Most people think about cars when considering steps each of us can take to reduce fuel consumption and tailpipe emissions. But when you add contributions from cleaner truck and bus fleets those baby steps turn into giant steps. One alternative, electric powered trucks, makes great sense for many applications, and we’ve found two forward-thinking companies taking different paths to that same clean goal.

JOHN DAVIS: Refuse trucks, transit buses, local delivery fleets, and passenger shuttles all operate in rigorous stop and go duty cycles during their daily routines, and can spend hours a day idling.  With a typical gas or diesel powertrain, these trucks burn millions of gallons of fuel each year and emit tons of greenhouse gas emissions in to the atmosphere.

But that stop and go routine and local footprint makes these kinds of trucks prime candidates for running on electric power instead. 

Motiv Power Systems recognized the opportunity to make an impact on gas and diesel truck emissions by converting new trucks using proven off the shelf electric drive components.

JIM CASTELAZ: “Unlike passenger cars, where everything in the car is kind of designed by an OEM, soup to nuts, in the truck space, a lot of trucks use the same engines. So, you have a company like Cummins that supplies engines to a lot of different truck builders, and we thought we could do that for electric vehicles.”

JOHN DAVIS: The advantage of electric drive is in having fewer moving parts to maintain, but the complexity lies in the software. Using Motiv’s own electronic control systems, the company can monitor a truck’s performance through telematics, update software, and configure parameters like top speed, all remotely from anywhere in the country.

Taking truck electrification to the extreme is the business plan for Wrightspeed, the brainchild of tesla co-founder Ian Wright.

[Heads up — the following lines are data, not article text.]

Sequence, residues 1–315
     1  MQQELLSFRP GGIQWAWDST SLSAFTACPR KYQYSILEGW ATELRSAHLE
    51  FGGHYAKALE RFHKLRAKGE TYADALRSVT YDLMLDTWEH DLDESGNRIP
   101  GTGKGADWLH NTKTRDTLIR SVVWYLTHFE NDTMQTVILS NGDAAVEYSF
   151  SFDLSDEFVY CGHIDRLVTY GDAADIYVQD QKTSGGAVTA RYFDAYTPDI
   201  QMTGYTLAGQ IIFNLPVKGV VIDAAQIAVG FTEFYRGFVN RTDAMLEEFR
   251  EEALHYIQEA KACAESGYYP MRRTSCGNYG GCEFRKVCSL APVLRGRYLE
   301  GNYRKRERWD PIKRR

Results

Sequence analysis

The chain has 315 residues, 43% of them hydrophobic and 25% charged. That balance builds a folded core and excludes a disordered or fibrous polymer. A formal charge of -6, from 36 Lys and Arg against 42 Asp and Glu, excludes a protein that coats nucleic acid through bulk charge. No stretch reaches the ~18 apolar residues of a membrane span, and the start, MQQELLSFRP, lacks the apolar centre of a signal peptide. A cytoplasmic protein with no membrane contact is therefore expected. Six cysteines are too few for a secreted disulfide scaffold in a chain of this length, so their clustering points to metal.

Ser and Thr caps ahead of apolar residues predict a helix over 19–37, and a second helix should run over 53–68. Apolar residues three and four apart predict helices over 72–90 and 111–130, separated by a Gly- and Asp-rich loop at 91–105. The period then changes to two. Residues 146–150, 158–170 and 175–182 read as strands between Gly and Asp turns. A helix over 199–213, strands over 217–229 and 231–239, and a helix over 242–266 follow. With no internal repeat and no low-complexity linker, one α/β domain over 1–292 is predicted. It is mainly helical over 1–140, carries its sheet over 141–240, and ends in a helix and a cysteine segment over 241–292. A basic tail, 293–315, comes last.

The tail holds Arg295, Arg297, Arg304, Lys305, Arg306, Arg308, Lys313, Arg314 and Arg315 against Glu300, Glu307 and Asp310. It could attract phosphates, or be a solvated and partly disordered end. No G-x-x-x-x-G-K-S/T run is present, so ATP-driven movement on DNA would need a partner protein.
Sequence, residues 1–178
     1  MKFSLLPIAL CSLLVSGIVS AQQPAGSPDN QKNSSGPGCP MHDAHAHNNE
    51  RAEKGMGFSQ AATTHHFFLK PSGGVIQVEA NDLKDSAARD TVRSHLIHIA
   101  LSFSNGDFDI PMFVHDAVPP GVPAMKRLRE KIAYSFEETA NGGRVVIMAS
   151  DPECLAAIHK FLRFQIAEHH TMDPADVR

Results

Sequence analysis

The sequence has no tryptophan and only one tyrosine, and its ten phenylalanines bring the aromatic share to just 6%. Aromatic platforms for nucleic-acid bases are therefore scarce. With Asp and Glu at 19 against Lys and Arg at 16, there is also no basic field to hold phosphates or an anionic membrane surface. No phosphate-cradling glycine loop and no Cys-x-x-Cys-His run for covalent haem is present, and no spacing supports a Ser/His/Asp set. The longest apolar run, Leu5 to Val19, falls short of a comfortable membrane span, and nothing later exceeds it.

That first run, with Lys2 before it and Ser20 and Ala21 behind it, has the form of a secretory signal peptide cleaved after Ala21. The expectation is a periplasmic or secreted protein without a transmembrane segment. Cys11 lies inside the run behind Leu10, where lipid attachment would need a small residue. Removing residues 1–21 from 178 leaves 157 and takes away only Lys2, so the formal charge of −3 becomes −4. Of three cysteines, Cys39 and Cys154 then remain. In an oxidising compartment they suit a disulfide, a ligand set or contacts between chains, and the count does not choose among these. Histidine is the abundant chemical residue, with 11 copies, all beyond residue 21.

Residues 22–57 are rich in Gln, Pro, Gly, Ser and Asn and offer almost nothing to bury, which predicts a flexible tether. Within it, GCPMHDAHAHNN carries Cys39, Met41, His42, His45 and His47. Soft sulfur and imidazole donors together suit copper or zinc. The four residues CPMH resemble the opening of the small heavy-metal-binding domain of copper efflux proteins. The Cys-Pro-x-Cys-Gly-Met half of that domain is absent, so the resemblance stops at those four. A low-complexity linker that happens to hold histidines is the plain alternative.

Wright sees an opportunity to retrofit thousands of existing trucks with his unique plug-in electric power system, giving new life to older chassis, at a fraction of the cost of a whole new rig. Like Motiv, they see refuse trucks as an especially good fit for battery power.

IAN WRIGHT: “The thing everybody understands about electric drive is that it is really efficient. Which is great, but you can’t save more fuel than the vehicle uses. So, you put electric drive in a little city car and you can save 100 gallons a year…$300-400 a year, big deal. These garbage trucks burn 14,000 gallons a year…”

JOHN DAVIS: Wrightspeed’s full plug-in system was designed in-house and uses an electric motor and gearbox at each drive wheel. Much like a Chevrolet Volt or BMW i3, it adds a range extender to recharge the battery packs while driving. But in this case, the truck’s original engine is replaced by a compact 80kw gas turbine generator.

IAN WRIGHT: There’s  a very similar technology in cars, turbochargers, and they make 10 million a year for 150 bucks each, and what if you use that kind of technology to make a turbine engine, a small one, specifically for a range extender for use in vehicles, could you take advantage of that and drive the cost down? Yes, you can…once you do that, of course, you can then take advantage of the much lower emissions profile from a well-designed turbine, it can be ten times better than a piston engine.

Which means you can pass the toughest emission standards in the world without having to use a catalytic converter or particulate filter, or urea injection, even if you’re burning diesel.”

JOHN DAVIS: Taking advantage of inexpensive power from the electric grid to charge the vehicles battery packs, recovering lost braking energy over thousands of hard stops each day, and tuning the gas turbine to run at peak efficiency regardless of vehicle speed, are all paths to saving fuel with Wrightspeed’s electric drive system. The reduction in emissions and noise pollution are substantial as well.

By leveraging their unique talents in mechanical engineering and control systems, coupled with their passion for effecting environmental change, both of these visionary companies see a clear path to making America’s heavy haulers, new and old, more efficient and emissions-free with electric power. And that spells good news for delivering a clean driving future.